Nakji Jeongol (낙지전골) is a Korean octopus stew that deserves a bit of primer, since the world of Korean soups and stews can be pretty intimidating. In Korea, most meals are accompanied with some form of soup, categorized into two main categories: soups like guk or tang, and stews like jjigae or jeongol.
Soups are typically thin, simple, and simmered for extended periods. In general, guk are meatless, and a little watery; last year I posted a recipe for the popular Gul Guk (Oyster Soup). Tang are, you guess it, made with meat (a favorite of mine, Gamjatang, is made with pork neck and potatoes – it appears in my first cookbook, The Ancestral Table).
Stews are more ornate, adorned with fresh vegetables, and served in large, family-style dishes. Jjigae are typically made with a single defining ingredient; Kimchi Jjigae and Sundubu Jjigae, the latter made with curdled tofu, are the most popular. Jeongol contain a variety of ingredients, and are a little more elaborate; historically, jeongol were served for members of the royal court, while jjigae were for commoners.
Today’s Nakji Jeongol has a fair amount of add-ins, but the basic recipe is very simple: marinate the octopus, prepare the soup base, throw it all together. There is no single set of add-ins, so feel free to throw in whatever you have available to you (for example, I used cilantro because the more traditional herb, perilla, is hard to find where I live). Frozen packages of pre-cleaned octopus can be found in most Asian markets, or you can get some fresh (and likely cleaned, but here’s a quick video if needed) from your local fishmonger.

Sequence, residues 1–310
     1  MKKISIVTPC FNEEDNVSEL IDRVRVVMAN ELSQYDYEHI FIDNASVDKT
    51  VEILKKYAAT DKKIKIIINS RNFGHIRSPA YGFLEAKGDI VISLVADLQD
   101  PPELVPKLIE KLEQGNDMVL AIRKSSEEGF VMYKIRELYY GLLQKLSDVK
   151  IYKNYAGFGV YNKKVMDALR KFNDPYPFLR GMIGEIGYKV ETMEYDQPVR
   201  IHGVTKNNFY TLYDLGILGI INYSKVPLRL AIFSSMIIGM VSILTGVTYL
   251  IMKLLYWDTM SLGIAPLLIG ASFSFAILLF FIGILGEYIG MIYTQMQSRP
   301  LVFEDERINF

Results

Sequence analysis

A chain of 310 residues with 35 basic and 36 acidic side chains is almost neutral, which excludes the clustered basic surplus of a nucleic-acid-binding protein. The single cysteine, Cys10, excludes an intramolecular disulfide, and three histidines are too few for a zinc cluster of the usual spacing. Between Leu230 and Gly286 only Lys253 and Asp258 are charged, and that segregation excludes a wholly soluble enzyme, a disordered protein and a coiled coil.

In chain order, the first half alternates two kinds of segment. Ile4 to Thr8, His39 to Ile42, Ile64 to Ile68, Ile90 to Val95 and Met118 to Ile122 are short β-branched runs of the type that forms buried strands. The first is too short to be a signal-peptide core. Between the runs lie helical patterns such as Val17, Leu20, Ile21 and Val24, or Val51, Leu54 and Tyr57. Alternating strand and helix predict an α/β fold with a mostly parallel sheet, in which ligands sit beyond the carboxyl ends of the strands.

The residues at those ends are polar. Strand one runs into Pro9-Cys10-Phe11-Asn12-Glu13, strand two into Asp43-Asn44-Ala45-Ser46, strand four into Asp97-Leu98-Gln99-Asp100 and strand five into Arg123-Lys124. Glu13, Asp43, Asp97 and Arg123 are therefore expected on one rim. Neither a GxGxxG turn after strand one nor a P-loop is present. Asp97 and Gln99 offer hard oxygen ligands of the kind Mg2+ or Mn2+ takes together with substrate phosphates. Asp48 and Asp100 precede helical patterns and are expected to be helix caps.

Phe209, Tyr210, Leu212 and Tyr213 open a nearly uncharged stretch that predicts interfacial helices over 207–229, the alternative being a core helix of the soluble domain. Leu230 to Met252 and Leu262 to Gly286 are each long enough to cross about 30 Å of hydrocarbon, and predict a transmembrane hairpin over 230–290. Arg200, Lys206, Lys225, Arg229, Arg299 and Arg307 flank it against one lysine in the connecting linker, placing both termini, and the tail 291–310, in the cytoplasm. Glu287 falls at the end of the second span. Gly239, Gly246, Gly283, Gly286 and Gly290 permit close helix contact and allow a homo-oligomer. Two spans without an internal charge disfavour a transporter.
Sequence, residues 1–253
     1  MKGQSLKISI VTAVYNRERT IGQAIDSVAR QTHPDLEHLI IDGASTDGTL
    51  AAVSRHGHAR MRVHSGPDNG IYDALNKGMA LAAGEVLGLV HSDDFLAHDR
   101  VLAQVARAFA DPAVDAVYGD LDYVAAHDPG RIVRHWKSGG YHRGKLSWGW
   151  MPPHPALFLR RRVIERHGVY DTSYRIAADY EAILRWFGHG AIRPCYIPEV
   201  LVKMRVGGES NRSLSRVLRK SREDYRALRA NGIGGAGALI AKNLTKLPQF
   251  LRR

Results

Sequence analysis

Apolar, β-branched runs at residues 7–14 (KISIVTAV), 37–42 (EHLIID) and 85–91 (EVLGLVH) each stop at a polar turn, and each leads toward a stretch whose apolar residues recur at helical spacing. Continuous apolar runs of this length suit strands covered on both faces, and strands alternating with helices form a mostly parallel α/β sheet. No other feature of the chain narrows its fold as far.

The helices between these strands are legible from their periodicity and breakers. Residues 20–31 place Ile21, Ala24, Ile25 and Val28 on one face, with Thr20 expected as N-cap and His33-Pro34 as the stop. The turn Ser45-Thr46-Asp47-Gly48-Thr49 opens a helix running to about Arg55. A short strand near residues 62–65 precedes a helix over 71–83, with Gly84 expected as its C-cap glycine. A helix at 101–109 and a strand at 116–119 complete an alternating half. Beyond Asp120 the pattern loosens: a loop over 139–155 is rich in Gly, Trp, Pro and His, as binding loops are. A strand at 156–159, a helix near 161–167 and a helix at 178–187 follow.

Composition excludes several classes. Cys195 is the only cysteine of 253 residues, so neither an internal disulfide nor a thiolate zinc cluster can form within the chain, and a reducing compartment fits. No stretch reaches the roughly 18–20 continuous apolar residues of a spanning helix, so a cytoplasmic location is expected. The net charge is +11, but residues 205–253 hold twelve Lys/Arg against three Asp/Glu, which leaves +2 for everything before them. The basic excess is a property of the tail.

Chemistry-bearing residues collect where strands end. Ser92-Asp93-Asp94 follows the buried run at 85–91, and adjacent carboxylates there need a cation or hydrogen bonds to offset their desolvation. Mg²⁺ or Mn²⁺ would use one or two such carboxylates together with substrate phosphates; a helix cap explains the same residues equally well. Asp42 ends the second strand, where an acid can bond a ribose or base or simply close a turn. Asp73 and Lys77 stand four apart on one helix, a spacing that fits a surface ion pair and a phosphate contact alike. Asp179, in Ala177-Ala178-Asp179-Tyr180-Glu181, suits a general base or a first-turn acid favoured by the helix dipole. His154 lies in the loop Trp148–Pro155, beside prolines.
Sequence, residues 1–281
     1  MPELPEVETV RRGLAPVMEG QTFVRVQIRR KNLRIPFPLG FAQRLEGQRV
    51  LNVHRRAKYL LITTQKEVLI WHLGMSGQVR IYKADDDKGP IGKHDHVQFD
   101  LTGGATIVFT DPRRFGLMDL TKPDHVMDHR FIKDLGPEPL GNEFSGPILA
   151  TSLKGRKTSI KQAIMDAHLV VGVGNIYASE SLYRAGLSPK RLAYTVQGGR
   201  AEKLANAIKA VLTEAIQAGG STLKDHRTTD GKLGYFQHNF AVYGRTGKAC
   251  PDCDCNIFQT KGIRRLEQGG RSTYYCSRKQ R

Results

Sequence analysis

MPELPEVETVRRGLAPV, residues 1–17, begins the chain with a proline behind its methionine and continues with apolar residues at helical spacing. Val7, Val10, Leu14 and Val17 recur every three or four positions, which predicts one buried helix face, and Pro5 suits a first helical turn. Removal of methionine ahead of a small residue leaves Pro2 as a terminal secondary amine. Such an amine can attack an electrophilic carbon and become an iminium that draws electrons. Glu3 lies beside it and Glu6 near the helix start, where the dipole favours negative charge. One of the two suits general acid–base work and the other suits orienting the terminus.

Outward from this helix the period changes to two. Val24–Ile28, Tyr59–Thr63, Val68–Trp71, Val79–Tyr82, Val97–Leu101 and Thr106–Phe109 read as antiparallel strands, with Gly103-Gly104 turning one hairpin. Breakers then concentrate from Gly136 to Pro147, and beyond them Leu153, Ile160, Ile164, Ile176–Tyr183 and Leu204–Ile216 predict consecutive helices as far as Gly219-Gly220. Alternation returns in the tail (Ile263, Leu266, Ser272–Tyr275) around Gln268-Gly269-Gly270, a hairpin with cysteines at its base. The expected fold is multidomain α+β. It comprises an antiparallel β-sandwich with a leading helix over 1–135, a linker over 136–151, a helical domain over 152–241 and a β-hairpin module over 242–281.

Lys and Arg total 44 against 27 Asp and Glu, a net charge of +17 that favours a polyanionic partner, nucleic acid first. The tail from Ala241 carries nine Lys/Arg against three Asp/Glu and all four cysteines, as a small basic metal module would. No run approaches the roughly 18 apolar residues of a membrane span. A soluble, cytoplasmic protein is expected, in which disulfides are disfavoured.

One fairly uncommon ingredient in the soup base is doenjang, which is the Korean version of miso paste; if you’re not able to find it locally, it is sold online, or red miso paste will work in a pinch. If you’re curious as to my thoughts on fermented soy, here is something I wrote earlier this year (spoiler alert: I think fermented soy is fine).
Nakji Jeongol - Korean Octopus Stew (Gluten-free, Perfect Health Diet)
mushrooms (white, enoki, and/or shiitake)
fresh herbs (perilla leaves or cilantro)
sesame seeds to garnish
1. In a bowl, combine the octopus, tamari, sesame oil, and garlic; set aside. In a pot, add the broth, water, mirin, red pepper powder, doenjang, and white pepper; whisk to combine, then bring to a simmer over medium heat. Add the salt and taste, adding more salt if needed.
2. Add the octopus (and its marinade), kimchi, zucchini, carrots, mushrooms, and green onions to the stew, then simmer until the octopus’ tentacles start to curl, about 1 minute. Remove from heat and add the remaining ingredients to taste, then serve.